It’s been nearly 40 years since Dempsey Hawkins has been outside of prison walls. Sentenced for the murder of his girlfriend at age 19, Hawkins has spent practically the entirety of his adult life behind bars. Now, a parole board is agreeing that Hawkins may deserve a second chance.

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Dempsey Hawkins, who had been born in London, moved to Staten Island as a toddler. According to a letter Hawkins had written to The New York Times, he had been 15-years-old when he began an adolescent romance with 13-year-old Susan Jacobson. Though the pair had known one another from around the neighborhood, it wasn’t until Hawkins had stood a little too close to Jacobson as she was up to bat during a game of baseball that Hawkins and Jacobson had begun their young love affair. Jacobson swung the bat around, hitting Hawkins squarely in the face.

After the baseball incident, Hawkins and Jacobson began spending more time together. Hawkins had attended church with Jacobson’s family and often went to the family’s home to play cards in the evening. Susan’s parents did express some concern that the relationship may be met with criticism. Susan had been white, while Hawkins had been born to a black father and white mother. In spite of the concerns by Susan’s parents, they stood aside and allowed the relationship to continue.

By the time the winter of 1976 rolled around, Hawkins says he found himself becoming more and more infatuated with Susan. The couple had also become sexually intimate, but they were reckless. Susan had become pregnant and she had been forced to have an abortion. Susan’s parents told her that she was never to see Hawkins again.

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The couple’s relationship continued, but there were no more family card games at the Jacobson home, nor church services with the family. The couple’s relationship had to be carried out in secret. Deep down Hawkins knew that he and Susan could not carry on this secret relationship forever and that it was only a matter of time before they had broken it off for good. Though the thought of living without Susan was almost too much to bear, the thought of seeing Susan with another boy was devastating.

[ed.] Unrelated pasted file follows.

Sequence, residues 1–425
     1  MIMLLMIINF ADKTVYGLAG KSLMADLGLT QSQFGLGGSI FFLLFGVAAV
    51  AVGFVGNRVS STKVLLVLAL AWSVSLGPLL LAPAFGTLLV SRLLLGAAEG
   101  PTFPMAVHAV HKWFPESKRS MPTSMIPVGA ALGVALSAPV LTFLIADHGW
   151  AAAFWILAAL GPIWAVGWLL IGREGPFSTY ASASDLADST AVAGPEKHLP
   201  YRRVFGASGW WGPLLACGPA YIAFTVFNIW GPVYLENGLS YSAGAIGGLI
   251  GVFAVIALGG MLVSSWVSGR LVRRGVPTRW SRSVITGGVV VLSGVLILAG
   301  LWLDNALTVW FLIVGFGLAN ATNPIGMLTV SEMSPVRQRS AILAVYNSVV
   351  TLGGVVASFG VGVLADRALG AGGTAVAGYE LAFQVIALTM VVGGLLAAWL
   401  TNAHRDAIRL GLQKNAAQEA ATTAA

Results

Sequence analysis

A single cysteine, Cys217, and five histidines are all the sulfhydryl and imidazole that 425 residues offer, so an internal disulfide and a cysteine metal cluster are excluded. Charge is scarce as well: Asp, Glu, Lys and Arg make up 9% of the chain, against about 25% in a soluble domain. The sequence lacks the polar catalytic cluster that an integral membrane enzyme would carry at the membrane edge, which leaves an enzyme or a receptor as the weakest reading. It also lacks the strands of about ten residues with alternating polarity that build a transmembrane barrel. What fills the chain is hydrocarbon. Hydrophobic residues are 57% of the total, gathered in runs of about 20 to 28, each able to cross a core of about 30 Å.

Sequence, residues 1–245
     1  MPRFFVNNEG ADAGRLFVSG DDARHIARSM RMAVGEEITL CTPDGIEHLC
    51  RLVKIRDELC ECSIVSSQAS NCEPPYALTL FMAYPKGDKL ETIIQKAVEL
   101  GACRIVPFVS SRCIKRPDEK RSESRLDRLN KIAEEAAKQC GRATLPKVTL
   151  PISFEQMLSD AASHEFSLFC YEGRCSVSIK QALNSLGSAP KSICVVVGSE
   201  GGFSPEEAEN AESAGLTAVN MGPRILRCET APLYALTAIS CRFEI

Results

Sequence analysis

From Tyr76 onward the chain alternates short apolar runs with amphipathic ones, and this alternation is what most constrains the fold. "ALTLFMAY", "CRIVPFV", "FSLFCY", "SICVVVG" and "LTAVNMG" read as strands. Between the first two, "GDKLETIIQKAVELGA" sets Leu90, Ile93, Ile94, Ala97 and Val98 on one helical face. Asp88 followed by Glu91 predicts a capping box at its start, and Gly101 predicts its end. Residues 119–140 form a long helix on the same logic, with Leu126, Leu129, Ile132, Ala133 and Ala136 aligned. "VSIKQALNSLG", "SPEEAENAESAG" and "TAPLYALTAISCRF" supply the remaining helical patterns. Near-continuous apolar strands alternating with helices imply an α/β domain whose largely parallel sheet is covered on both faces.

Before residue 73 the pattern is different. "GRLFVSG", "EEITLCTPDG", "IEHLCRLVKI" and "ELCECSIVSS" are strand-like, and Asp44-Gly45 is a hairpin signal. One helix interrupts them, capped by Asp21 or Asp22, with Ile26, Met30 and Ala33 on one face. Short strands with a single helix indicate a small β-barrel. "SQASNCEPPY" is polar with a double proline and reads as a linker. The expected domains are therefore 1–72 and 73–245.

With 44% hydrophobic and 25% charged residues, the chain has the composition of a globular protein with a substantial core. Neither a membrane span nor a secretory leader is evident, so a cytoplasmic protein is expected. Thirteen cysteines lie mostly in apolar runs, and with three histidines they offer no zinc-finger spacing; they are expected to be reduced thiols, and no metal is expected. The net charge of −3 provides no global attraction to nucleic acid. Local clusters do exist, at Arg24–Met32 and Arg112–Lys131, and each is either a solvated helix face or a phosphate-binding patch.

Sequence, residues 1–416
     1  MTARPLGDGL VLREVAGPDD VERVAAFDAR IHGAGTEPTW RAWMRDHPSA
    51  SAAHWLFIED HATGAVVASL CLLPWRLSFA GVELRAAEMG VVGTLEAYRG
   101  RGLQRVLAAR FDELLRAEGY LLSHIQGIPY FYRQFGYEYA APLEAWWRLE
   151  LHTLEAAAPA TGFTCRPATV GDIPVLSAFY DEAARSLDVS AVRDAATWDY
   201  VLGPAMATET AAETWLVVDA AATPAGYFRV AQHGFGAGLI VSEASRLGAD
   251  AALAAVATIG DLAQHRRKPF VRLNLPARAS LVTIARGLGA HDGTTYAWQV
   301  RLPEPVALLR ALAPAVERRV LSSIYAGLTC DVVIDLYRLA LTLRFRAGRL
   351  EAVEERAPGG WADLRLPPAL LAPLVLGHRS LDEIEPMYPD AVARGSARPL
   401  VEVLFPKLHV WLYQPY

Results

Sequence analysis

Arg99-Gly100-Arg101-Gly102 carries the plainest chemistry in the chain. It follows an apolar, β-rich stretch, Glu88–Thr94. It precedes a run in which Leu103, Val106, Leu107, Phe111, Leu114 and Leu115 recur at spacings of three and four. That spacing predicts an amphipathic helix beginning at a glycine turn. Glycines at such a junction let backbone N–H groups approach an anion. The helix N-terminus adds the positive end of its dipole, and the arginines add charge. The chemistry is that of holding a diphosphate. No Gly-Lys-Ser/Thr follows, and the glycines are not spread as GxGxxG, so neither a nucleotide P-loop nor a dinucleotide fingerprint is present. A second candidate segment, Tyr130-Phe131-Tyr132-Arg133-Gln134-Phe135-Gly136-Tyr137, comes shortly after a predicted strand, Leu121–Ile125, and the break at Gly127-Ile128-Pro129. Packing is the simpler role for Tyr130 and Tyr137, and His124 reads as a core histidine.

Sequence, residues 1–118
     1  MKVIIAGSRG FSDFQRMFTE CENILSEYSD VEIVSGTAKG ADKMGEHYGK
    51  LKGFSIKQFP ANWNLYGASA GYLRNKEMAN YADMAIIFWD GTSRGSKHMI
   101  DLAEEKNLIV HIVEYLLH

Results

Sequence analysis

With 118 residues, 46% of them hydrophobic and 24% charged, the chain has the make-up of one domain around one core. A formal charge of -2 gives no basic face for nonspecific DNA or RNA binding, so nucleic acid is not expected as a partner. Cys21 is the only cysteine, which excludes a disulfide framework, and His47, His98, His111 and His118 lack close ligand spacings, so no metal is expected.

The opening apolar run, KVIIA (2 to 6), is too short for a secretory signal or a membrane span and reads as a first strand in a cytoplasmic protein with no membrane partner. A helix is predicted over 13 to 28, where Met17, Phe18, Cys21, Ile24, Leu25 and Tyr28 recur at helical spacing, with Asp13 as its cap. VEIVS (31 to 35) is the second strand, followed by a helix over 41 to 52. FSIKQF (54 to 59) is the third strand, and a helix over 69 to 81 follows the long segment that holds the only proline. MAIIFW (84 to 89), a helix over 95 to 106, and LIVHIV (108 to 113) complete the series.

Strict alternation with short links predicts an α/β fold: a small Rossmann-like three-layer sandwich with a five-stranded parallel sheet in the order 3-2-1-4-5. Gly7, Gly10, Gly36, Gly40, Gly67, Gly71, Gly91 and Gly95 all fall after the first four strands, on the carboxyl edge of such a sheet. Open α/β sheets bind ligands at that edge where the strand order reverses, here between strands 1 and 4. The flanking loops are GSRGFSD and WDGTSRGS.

On May 15, 1976, Hawkins had asked Susan to meet with him at a blighted industrial area known as Port Ivory, named after the Ivory Soap company who had once operated a factory there. The land had been overgrown and holes in the ground led to underground rooms. Hawkins had taken Susan exploring through these secret tunnels.

It was warm and Hawkins took off his shirt. Hawkins told The New York Times, “With the arm of the shirt, I put it around her neck, as if to kiss her, and I just started squeezing it. Her hands went up to the shirt and I just looked away and just kept squeezing the shirt.” He then picked up her body, placed it inside of an old barrel, and hid it against a wall.

Susan’s parents phoned the police when she had failed to come home for dinner that night. The Jacobsons then assembled a search party of approximately 30-40 people, including Dempsey Hawkins. Part of their search included the area of Port Ivory. Anytime someone came close to examining the underground rooms, Hawkins led them to another area. Hawkins later made a half-hearted confession to a friend and his cousin, but it is likely that neither believed him.

In 1979, Hawkins moved to Joppa, Ill. No one knew what had become of Susan Jacobson, and it is likely that Hawkins believed that no one would ever know that he had been her killer.

It was by some strange chance that a young boy had been exploring the holes on Port Ivory when he came across the barrel containing the remains of Susan Jacobson. Looking inside of the barrel, the boy believed the bones may have belonged to a dog. He came back to the barrel later to show a small group of friends. When they noticed human clothing along with the bones, the boys knew that it was no dog inside that barrel and contacted the police. Hawkins was later arrested in Illinois.

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Though Hawkins pleaded his innocence, his confessions to his friend and cousin later came back to haunt him. He was sentenced to 22-years to life in prison.

Though Hawkins has been denied parole nine times, it would appear that tenth time’s the charm. After evaluating Hawkins’ case and taking into consideration that he was a juvenile at the time of the offense, a judge has agreed to deport Hawkins to his native-born England, where he can learn to live life outside of prison walls.